From left, are Jackie
Simms, Cindy Usher,
Reese Hurley and
N urses regularly take on a variety of roles, be it as
caregivers, coaches, confidants, or whatever it is that
their patients need them to be.
And, while nursing has long been considered by many
to be a noble profession, the worldwide situation with
COVID-19 has put nurses in the spotlight, practically
making them the masked face of the fight against the virus.
This greater awareness of nurses and their tireless service
has inspired an outpouring of support from communities
across the world, often in the form of donations of personal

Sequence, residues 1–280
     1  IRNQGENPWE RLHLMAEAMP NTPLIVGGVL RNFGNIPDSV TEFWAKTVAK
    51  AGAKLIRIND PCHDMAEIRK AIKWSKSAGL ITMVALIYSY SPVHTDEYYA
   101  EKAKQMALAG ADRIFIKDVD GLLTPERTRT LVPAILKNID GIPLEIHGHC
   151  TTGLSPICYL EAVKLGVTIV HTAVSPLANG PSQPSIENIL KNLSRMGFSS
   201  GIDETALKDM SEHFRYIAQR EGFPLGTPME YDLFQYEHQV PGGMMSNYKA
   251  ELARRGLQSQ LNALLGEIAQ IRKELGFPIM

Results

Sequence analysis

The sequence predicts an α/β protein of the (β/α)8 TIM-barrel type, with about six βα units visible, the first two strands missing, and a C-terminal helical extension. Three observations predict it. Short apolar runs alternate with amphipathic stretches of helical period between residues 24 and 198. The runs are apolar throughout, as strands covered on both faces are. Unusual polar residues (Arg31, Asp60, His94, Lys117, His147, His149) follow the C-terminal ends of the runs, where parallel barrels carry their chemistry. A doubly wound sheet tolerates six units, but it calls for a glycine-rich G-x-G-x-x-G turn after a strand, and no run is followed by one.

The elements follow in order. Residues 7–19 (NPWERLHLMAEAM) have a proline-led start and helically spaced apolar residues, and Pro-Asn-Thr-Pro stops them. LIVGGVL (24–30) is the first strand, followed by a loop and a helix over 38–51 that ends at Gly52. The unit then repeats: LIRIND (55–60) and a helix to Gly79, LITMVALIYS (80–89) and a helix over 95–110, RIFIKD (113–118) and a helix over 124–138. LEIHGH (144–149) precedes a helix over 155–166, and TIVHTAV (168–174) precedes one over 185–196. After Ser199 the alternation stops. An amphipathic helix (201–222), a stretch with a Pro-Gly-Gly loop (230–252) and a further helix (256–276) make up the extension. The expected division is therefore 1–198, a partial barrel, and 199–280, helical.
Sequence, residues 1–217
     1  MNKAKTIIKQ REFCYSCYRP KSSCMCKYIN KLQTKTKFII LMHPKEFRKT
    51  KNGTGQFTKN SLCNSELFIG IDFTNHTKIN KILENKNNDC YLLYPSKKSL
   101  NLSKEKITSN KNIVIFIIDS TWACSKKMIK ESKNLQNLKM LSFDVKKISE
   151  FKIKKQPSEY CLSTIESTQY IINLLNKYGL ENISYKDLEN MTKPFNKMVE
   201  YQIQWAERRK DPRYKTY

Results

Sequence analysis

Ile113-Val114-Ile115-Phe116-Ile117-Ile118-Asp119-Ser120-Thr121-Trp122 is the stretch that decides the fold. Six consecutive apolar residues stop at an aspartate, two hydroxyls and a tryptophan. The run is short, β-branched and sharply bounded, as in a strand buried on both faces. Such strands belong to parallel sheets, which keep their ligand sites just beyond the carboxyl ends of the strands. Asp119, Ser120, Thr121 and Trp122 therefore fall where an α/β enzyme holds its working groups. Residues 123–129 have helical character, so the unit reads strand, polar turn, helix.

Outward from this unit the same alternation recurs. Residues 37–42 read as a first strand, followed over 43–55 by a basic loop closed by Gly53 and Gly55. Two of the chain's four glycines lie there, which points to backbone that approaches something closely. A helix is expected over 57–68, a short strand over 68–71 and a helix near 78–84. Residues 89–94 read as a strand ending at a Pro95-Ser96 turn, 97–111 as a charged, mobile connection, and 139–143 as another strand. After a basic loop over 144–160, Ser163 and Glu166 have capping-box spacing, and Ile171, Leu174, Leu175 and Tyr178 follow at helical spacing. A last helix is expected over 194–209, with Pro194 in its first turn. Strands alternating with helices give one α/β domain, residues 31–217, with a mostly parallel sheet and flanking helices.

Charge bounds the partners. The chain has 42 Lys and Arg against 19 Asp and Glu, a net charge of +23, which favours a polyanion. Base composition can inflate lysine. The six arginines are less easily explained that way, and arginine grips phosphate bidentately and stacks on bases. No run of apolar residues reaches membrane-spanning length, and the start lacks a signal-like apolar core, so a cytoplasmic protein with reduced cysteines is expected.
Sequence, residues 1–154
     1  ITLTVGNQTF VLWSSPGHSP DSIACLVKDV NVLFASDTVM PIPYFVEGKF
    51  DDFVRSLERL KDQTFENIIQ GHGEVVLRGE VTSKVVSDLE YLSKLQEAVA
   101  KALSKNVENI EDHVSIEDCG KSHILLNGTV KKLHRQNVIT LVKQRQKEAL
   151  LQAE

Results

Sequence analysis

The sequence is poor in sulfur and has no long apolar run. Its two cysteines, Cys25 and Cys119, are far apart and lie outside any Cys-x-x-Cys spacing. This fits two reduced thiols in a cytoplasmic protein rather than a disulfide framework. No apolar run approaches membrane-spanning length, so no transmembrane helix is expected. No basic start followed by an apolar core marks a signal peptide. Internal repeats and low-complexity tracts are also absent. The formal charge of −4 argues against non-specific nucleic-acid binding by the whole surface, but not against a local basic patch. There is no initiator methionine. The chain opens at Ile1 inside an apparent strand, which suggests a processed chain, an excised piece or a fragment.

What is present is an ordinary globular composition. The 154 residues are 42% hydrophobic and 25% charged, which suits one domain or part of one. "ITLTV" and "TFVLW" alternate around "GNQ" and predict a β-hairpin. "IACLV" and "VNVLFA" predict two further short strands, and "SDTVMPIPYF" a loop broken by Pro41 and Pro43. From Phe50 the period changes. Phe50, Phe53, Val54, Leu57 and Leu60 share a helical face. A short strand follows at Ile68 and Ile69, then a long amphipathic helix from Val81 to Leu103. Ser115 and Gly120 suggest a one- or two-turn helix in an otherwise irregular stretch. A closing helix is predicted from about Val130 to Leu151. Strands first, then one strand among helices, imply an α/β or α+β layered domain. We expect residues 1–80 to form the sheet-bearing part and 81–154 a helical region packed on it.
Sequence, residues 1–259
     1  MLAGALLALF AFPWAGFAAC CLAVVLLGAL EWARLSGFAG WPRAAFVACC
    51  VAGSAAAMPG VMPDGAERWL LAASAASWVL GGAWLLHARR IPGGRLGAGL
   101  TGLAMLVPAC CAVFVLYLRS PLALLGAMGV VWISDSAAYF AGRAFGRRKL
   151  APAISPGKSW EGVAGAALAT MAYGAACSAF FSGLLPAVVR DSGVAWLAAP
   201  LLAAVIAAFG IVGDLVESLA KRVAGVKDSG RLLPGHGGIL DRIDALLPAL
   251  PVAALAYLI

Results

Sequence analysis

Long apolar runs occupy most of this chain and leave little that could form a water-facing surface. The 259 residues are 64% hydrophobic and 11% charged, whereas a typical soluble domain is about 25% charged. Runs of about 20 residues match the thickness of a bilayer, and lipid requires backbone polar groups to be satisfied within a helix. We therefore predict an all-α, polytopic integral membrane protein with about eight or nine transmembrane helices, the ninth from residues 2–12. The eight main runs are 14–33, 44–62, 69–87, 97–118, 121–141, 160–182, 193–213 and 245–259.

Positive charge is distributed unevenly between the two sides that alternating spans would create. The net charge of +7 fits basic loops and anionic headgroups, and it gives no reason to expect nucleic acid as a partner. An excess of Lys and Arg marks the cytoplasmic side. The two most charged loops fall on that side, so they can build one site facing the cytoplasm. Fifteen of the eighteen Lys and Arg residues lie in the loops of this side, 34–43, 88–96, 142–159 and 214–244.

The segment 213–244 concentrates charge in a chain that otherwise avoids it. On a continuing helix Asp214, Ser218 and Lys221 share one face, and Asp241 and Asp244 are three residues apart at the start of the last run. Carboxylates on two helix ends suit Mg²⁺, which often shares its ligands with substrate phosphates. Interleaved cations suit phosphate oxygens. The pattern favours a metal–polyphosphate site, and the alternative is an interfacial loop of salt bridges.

protective equipment and other supplies from businesses, or
tokens of appreciation like potluck-style lunches and dinners
from local churches.
“I’ve been in nursing for over 30 years, but this is the first
time in my life where I’ve felt like people are considering
us heroes,” said Cindy Usher, a registered nurse in Hunt
Regional Medical Center’s emergency room.
“Firefighters and police officers are understandably treated
like heroes all the time, but I feel like this whole situation is
changing peoples’ perspective on nurses,” Usher continued.
“In the past, a lot of times, people wouldn’t stop and think
about how, a lot of times, we can’t be with our families
during the holidays because we’re doing our job and caring
for other people.”
SPRING 2020 Greenville Life 19